The Historian
With this study, the author has written on a rarely discussed topic: Chinese-Iranian relations. He has done us a great service in doing so, not only by taking on an unusual topic, but also in doing it with gratifying length.... Garver has succeeded in capturing both the current context of the Sino-Iranian relationship and the much deeper historical context of their goals and attitudes.... The book deserves a wide audience.
Choice
This thoughtful exploration of the important but little-understood relationship between the Islamic Republic of Iran and the People's Republic of China could not be timelier.... [Garver] provides precisely what policy makers need: historical perspective on Chinese-Iranian contact going back to imperial times, but concentrating on the late 20th century.
Political Science Quarterly
Garver's analysis of the past and future of the relationship is thoroughly researched, analytically astute, and lucidly presented.. Garver sees the relationship he is studying from the inside— what it means to be participants in their own mental worlds, from the outside— how it works geostrategically, and from all around, in historical, cultural, diplomatic, strategic, and economic dimensions.
The China Journal
A great contribution to our knowledge of Chinese foreign policy and its achievements with an important partner at a time of US preeminence. This work will appeal to the policymaker and professor alike, and would be suitable for both upper undergraduate and especially graduate courses. Whether readers are concerned with China's rise, the emergence of a more powerful Iran or interests and constraints for the United States in engaging these regional powers, China and Iran makes for an exacting, insightful and valuable read.
Middle East Journal
A comprehensive examination of the drivers, content, and possible implications of the relationship between China and Iran.
IIAS Newsletter
Interesting and timely.
Open Spaces
Garver's work presents valuable insights into this relationship built on centuries of economic relations.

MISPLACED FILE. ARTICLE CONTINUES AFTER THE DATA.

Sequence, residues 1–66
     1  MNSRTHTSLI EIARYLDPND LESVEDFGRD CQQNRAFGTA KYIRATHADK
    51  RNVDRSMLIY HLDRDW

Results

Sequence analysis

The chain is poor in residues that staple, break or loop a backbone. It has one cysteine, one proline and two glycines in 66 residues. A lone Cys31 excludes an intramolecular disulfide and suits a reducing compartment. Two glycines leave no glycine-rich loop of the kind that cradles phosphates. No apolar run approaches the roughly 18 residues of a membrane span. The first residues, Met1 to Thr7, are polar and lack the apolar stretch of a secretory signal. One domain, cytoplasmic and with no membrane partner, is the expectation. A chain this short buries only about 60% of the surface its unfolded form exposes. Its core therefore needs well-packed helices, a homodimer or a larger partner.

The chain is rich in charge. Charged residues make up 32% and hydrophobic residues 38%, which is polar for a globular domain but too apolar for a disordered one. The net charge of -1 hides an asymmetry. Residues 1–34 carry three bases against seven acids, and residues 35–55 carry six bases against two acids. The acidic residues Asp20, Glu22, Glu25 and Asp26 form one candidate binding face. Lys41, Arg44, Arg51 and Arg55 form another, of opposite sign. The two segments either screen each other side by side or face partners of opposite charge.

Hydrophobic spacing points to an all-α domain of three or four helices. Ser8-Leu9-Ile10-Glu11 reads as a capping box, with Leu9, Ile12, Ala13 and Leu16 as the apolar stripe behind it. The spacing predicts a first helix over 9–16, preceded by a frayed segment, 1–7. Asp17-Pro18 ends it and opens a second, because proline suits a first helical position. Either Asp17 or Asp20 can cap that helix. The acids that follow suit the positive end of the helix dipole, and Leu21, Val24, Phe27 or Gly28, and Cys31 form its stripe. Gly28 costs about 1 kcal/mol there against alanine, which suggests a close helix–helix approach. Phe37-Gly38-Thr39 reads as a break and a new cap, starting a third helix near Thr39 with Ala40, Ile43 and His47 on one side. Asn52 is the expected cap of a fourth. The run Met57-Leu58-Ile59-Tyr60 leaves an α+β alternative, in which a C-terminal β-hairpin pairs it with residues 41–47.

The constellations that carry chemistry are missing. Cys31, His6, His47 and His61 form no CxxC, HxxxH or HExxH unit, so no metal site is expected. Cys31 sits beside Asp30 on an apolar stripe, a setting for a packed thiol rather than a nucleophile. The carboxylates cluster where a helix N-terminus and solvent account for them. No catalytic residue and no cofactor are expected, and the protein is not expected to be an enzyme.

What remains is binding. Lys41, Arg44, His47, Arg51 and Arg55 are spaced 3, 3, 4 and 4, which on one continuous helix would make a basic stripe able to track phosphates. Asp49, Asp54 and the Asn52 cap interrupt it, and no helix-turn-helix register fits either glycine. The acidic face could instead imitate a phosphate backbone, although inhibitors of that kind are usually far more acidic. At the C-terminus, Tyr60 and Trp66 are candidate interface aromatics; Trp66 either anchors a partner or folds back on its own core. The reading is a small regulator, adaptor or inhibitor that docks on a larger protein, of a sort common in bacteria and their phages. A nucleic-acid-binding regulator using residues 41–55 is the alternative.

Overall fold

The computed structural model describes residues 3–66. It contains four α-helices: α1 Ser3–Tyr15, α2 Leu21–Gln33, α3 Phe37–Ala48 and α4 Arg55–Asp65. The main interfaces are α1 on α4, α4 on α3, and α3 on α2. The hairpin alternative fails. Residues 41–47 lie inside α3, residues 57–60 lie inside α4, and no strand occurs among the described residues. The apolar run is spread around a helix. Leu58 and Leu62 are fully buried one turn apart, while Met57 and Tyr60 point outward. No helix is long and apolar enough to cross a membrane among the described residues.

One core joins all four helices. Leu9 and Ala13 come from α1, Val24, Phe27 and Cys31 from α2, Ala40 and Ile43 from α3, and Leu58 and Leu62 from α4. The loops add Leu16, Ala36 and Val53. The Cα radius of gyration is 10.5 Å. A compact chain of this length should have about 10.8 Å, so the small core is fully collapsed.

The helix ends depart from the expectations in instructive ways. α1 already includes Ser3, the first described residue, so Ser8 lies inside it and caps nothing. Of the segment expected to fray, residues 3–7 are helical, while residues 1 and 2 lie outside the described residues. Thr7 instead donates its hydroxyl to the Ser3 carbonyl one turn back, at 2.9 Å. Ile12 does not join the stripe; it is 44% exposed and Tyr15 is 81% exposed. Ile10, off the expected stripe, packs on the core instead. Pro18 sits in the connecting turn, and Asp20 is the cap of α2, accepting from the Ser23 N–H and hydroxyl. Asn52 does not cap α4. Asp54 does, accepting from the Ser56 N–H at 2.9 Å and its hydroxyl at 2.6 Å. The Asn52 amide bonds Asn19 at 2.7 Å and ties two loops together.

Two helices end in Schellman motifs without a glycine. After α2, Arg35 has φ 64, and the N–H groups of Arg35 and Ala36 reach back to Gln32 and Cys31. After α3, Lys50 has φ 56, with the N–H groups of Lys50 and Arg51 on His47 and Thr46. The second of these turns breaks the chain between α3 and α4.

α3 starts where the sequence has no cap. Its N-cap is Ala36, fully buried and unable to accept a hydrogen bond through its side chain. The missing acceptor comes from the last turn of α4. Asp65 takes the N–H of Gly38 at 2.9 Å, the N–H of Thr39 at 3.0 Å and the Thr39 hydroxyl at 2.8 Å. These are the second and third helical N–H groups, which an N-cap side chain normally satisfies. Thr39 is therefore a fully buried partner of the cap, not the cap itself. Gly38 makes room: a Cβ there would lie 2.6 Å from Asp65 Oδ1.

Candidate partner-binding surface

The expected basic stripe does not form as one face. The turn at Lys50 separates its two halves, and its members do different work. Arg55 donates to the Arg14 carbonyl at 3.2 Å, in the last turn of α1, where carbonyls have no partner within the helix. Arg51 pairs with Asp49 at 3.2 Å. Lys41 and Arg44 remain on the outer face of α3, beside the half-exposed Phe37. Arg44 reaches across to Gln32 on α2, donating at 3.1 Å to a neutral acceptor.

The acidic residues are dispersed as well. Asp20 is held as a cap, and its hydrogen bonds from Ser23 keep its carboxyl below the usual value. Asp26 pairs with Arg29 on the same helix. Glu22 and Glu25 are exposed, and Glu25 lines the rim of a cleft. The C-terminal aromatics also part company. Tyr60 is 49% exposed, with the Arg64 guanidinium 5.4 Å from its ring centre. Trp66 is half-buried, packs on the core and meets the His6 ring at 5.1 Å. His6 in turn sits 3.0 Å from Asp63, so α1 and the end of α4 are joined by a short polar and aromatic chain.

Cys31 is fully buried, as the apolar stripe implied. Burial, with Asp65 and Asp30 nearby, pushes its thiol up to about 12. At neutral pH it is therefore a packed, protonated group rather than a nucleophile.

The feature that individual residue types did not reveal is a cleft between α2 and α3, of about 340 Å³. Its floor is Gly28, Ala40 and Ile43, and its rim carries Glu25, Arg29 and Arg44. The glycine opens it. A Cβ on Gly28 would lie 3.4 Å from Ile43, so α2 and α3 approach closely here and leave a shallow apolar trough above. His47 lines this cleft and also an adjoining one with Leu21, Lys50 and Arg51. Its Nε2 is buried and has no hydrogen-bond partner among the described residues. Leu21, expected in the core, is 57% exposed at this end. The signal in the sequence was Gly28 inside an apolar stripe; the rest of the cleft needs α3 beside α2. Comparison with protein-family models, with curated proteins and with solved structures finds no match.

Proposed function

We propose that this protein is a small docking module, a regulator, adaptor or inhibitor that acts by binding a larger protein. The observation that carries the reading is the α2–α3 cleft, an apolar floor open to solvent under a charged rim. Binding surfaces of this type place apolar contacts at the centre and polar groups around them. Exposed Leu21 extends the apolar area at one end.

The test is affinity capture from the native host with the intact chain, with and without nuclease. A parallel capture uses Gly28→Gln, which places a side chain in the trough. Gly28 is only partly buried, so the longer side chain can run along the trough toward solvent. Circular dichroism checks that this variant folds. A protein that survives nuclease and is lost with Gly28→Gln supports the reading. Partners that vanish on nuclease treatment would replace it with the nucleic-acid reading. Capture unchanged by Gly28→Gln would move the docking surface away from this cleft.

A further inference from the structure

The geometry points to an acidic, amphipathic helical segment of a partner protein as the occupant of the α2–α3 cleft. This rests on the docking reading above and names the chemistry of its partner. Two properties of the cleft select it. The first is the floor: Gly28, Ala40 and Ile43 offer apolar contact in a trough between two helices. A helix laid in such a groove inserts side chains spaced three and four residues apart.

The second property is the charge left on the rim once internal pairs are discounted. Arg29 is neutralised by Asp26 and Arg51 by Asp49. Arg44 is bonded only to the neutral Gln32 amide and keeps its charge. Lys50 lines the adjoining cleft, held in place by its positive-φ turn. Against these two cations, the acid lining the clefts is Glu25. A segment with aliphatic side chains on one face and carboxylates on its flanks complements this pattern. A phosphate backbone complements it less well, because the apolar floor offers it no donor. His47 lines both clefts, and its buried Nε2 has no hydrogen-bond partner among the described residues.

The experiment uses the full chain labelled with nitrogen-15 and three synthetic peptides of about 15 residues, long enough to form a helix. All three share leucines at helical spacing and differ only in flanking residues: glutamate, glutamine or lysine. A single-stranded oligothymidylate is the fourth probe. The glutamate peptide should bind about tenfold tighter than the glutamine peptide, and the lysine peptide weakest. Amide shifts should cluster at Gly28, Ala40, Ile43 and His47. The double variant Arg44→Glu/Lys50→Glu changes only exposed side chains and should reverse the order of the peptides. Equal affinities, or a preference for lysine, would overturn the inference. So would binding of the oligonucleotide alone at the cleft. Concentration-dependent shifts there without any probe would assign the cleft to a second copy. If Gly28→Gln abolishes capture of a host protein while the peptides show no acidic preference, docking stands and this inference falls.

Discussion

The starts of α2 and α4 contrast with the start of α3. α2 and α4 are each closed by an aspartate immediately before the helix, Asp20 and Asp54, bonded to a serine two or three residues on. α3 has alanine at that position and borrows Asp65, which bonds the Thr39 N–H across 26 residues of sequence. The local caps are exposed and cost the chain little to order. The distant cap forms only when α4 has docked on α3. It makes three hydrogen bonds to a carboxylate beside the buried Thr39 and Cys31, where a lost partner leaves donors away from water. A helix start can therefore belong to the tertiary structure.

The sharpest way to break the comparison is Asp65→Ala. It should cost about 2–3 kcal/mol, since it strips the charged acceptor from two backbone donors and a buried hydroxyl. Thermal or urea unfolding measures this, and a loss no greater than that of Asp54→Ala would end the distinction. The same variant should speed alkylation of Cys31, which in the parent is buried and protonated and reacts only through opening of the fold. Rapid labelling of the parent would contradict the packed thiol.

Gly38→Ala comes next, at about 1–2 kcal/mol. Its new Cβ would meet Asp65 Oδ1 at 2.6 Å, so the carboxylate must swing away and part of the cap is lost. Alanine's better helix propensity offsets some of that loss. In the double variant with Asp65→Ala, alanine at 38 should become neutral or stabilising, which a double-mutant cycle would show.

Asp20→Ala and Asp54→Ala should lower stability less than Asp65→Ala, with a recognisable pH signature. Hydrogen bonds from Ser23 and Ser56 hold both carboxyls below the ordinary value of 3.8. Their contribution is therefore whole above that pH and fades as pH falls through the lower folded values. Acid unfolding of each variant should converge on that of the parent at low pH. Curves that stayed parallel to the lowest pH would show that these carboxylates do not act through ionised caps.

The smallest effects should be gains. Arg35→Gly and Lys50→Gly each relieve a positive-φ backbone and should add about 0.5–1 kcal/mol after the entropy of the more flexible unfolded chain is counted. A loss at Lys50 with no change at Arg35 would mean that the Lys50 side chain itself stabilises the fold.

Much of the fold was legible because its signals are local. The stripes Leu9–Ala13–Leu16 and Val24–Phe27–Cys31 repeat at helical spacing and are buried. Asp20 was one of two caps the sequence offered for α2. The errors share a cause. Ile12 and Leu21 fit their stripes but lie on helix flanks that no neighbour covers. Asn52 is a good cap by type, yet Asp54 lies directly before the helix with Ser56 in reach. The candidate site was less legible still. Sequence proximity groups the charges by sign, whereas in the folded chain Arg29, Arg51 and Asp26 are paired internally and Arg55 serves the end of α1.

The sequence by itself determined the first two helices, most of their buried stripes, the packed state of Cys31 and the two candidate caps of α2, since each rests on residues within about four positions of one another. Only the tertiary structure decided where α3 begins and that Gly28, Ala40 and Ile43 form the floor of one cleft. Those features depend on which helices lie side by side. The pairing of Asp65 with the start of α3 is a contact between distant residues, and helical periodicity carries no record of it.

Dawn
An incisive and remarkably lucid historical overview. Garver's China and Iran is likely to recast our thinking on the dynamics and study of bilateral relations.
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Product Details

  • ISBN-13: 9780295986319
  • Publisher: University of Washington Press
  • Publication date: 8/5/2006
  • Edition description: New Edition
  • Pages: 392
  • Product dimensions: 5.90 (w) x 8.90 (h) x 1.00 (d)

Meet the Author

John W. Garver is professor of international affairs at the Georgia Institute of Technology. Among his previous books are Protracted Contest: Sino-Soviet Rivalry in the Twentieth Century and Face Off: China, the United States, and Taiwan's Democratization.

University of Washington Press

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Table of Contents

List of illustrationsPreface and Acknowledgments1. The Spirit of Sino-Iranian Relations: Civilization and Power2. The PRC-Kingdom of Iran Relationship, 1971-783. Revolutionary Iran and Postrevolutionary China, 1979-884. Sino-Iranian Partnership and Post-Cold War U.S. Unipolar Preeminence, 1989-20045. The Xinjiang Factor in PRC-IRI Relations6. China's Assistance to Iran's Nuclear Programs7. China and Iran's Military Development Efforts8. China-Iran Cooperation and the United States9. The Sino-Iranian Energy-Economic Relationship10. Patterns of Sino-Iranian RelationsAppendix. Chronology of Iran-China RelationsNotesBibliographyIndex

University of Washington Press